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Old 12-12-2017, 08:34 AM
 
6,070 posts, read 4,639,668 times
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Quote:
Originally Posted by JPrzybylski07 View Post
Isn't there a ton of credit card and student loan debt out there too?? I don't have any facts or statistics to present my case and questions here.. Just thinking about the big picture taking "facts" and confirmation bias out....


Even with mortgages equity and appreciation sounds great and all but what does it matter if everything else over the years also increases in value and price, seems like any appreciation and equity just get's washed out not even taking inflation into consideration...


I think a house is a forced savings account at best, and when you study an amortization schedule it's nothing to get excited about. Sure your house may double in price in just 5 years, but that means everything else did as well.


......
Mortgages account for almost 70% of household debt. Car loans are next.


The higher the inflation, the better the value of owning a house with a fixed mortgage. Suppose you have a mortgage for $1000/month and if you rented the cost would be $900. A decade or so down the road, the mortgage cost is still $1000 but the cost of renting could easily have increased to $1500 or more.


I certainly agree that buying a house strictly as an investment is a poor idea likely to result in a low and volatile rate of return. I also agree that a mortgage is a big commitment. There is some risk of declining property values or of losing a job and still needing to pay the mortgage. In 2008, many households faced both issues. I have owned 7 houses - some for just a year or so and one for several decades. None were great investments or losses but I certainly came out way, way ahead of what I would have spent to rent equivalent housing. The last time I rented was many, many years ago. The landlord sold the house out from under me. Before that I had a landlord who would not do repairs and the heat was bad. Before that the landlord was a PITA, often letting themselves in to inspect the property.
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Old 12-12-2017, 08:41 AM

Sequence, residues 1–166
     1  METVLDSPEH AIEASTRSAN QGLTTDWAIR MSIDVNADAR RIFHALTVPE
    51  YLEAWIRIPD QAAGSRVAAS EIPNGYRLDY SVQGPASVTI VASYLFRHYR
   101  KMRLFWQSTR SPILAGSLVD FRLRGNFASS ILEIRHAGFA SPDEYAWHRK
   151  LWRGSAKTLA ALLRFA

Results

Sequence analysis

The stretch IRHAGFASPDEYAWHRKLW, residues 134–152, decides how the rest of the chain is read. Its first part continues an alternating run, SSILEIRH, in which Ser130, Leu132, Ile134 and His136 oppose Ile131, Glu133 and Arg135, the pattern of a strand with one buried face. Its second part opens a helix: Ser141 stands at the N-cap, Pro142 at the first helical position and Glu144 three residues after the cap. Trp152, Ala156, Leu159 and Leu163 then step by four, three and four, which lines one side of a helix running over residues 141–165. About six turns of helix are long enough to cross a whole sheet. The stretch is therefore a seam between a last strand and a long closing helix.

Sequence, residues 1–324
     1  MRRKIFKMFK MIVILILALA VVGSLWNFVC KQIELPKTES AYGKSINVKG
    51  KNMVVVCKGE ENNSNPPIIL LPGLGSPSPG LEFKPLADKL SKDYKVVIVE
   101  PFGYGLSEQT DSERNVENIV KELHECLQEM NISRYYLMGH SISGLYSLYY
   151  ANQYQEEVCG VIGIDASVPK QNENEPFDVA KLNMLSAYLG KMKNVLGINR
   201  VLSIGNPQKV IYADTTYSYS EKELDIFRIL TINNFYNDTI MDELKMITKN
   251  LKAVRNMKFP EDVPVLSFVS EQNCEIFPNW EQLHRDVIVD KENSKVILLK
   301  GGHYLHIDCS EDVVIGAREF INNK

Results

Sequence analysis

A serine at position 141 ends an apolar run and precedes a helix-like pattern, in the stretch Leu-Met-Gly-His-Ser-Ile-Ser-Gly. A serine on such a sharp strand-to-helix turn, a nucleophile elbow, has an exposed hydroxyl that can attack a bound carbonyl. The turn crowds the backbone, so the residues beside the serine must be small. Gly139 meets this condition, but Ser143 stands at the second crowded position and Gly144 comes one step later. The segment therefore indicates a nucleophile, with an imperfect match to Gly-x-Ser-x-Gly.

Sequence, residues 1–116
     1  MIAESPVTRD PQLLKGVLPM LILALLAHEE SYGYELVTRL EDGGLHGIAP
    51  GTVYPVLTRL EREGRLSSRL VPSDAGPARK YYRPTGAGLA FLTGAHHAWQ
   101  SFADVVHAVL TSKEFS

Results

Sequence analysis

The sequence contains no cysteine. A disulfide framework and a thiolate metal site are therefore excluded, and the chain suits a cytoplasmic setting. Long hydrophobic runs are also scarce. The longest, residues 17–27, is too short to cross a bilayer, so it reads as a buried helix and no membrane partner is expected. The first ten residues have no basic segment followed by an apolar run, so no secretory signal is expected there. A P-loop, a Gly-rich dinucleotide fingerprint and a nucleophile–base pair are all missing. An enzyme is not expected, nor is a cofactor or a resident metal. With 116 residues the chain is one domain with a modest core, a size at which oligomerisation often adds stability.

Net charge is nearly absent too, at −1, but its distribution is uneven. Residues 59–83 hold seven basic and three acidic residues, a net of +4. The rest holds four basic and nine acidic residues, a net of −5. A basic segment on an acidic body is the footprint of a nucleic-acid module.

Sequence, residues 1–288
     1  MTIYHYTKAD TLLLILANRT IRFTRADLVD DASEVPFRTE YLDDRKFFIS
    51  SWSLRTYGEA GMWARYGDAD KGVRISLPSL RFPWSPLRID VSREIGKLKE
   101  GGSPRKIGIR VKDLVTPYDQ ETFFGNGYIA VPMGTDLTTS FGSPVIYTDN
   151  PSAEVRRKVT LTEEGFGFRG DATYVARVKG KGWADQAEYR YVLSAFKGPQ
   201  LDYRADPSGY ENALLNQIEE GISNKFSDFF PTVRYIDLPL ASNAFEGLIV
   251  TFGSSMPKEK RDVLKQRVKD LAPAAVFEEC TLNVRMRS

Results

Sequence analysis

Location: Fairfax County, VA
1,387 posts, read 680,278 times
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Quote:
Originally Posted by mathjak107 View Post
it was actually after world war II that the numbers soared . they came down from that level so 1985 was actually the re-kick off .
The first line in the 1985 NY Times article linked to above was....The United States has become a debtor nation for the first time since World War I...

Public debt is a completely different calculation.
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Old 12-12-2017, 10:23 AM
 
20,161 posts, read 16,379,042 times
Reputation: 37858
Quote:
Originally Posted by jrkliny View Post
Mortgages account for almost 70% of household debt. Car loans are next.


The higher the inflation, the better the value of owning a house with a fixed mortgage. Suppose you have a mortgage for $1000/month and if you rented the cost would be $900. A decade or so down the road, the mortgage cost is still $1000 but the cost of renting could easily have increased to $1500 or more.


I certainly agree that buying a house strictly as an investment is a poor idea likely to result in a low and volatile rate of return. I also agree that a mortgage is a big commitment. There is some risk of declining property values or of losing a job and still needing to pay the mortgage. In 2008, many households faced both issues. I have owned 7 houses - some for just a year or so and one for several decades. None were great investments or losses but I certainly came out way, way ahead of what I would have spent to rent equivalent housing. The last time I rented was many, many years ago. The landlord sold the house out from under me. Before that I had a landlord who would not do repairs and the heat was bad. Before that the landlord was a PITA, often letting themselves in to inspect the property.
The mortgage payment only stays the same if property taxes don't go up, but they do. And the more debt the Federal government carries, the less there will be for the states and they rise even more. My mortgage is only $450 or so, but between property taxes ($7800 a year), flood insurance and homeowners my mortgage payment is almost $1300. A decade down the road, the taxes and the insurance will both be higher, I may need to come up with thousands for a new roof or septic system or any number of things that will wear out in a decacde, so I don't think the higher rents necessary mean you automatically come out ahead.


Before this house (not even closed yet, it's that new a situation) I rented for 18 years, beginning at $650 a month and now $813 a month. Over the years as the fridge went. and the dishwasher, I called the landlord and had a brand new one delivered within a day or 2, while now I will have to pay to replace them. There are no hard and fast rules IMO about what is better.
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Old 12-12-2017, 10:35 AM